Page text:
I think our church was shocked by the title that I had printed on my new church business card:
Dr. Rick Stedman, Interim Pastor and Chief Sinner (1 Tim. 1:15).
In over 30 years of pastoral ministry, I’ve worn a lot of hats and have been described by various titles, but this was a new one.
I’ve been a founding pastor, a senior pastor, a servant-leader, board chair, and, well, the list goes on and on. In my last church, one family tried to keep up with my various church titles as they evolved over the years. When our church was young, their children called me Pastor Mr. Stedman. Then our church grew and I became Senior Pastor Mr. Stedman. Then Servant-leader Senior Pastor Mr. Stedman. Finally, the kids addressed me as (I kid you not) Dr. Servant-leader Senior Pastor Mr. Stedman.
I’ve also been called Reverend, Minister, and Preacher, though I’ve never liked these labels and none ever was my actual title. Preacher sounds too preachy and Minister is how we all are supposed to function. But of all the titles I’ve been called, Reverend is the one I like least.
This is because, in my opinion, Reverend conveys the idea that I am holier, more righteous, or worthy of greater respect than Christians who are not clergy. Truthfully, I often have found the opposite to be true.
I am astounded by the humble, sacrificial, Christ-like attitudes of many church folks with whom I have been able to serve over the years. I have been privileged to know true prayer warriors, lay Bible scholars, fantastic Christian parents, devoted Christian singles, and loving servant-hearted volunteers. They truly amaze me.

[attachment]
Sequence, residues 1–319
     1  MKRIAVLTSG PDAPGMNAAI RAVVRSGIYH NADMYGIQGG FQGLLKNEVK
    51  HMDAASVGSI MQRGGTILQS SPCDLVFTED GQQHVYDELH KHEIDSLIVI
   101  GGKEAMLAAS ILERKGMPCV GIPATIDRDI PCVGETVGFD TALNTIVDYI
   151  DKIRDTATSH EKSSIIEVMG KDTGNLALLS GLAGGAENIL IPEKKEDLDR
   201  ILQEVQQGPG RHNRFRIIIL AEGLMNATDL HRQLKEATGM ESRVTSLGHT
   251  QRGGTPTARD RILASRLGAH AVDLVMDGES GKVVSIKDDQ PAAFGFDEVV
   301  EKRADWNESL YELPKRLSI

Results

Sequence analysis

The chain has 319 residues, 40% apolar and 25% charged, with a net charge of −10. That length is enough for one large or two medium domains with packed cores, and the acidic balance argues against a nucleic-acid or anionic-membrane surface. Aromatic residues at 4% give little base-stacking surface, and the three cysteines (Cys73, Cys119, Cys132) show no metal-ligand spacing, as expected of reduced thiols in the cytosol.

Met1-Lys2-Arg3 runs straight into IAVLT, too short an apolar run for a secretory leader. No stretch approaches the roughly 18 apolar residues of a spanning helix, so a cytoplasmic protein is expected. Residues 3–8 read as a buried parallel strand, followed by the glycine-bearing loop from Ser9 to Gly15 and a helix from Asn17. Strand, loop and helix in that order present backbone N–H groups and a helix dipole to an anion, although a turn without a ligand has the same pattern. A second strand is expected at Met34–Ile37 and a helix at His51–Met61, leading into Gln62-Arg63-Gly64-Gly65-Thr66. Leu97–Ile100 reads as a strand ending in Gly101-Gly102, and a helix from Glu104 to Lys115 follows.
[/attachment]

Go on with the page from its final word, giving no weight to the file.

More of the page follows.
On the other hand, the longer I have followed Christ, the more I realize how non-Christ-like I am. At times my heart has been full of anger and bitterness, my devotional life weak, and my service more job-related than sacrificial. If people knew what thoughts sometimes enter my head, they certainly wouldn’t call me Reverend.
Fortunately, I’m not the only Christian leader who feels this way. I take comfort that the Apostle Paul expressed a similar self-understanding. We can see this in the titles or self-descriptors he gave himself over the many years of his ministry.
In the early years, he called himself “The least of the apostles” (1 Cor. 15:9). In the middle of his ministry, he saw himself as “The least of the saints” (Eph 3:8). And at the end of his life, he said he was “The chief of sinners” (1 Tim. 1:15).
Do you see the downward trajectory of his own sense of superiority, and maybe even of personal righteousness? The longer he served Christ, the more he was aware of his own sinfulness. He even confessed, “nothing good lives in me” (Rom. 7:18).
Which is exactly how I feel when people call me Pastor Rick or Dr. Stedman. These titles describe my functions and achievements, but fail to describe my own sense of unworthiness next to our peerless Savior, and my sense of unfitness to lead his precious people. But God called me into this service, so I obey his call. Nonetheless, if I were God, I would have called someone else.
This is why, now that I’ve begun a new chapter in my life and my title reads “Interim Pastor,” I decided to add a phrase to describe my awareness of my own lack of superiority in the kingdom of God: “and Chief Sinner (1 Tim. 1:15)”.
After I mentioned my new Business Card and job titles in a recent sermon, several church members asked me, “Can I have one of your business cards? No, can I have several? I want to give these away. My non-Christian friends need to see this!”
If people in our church are shocked by this title, I also was shocked by their response. As I mentioned earlier, I’ve been in the professional ministry for over 30 years. But this is the first time anyone has ever asked for multiple copies of my business card to give to others.
Personally, I feel comfortable with the job title on my new card. It feels good to be honest about my own shortcomings, it’s a role I can live with, and, thanks to Paul, it’s biblical.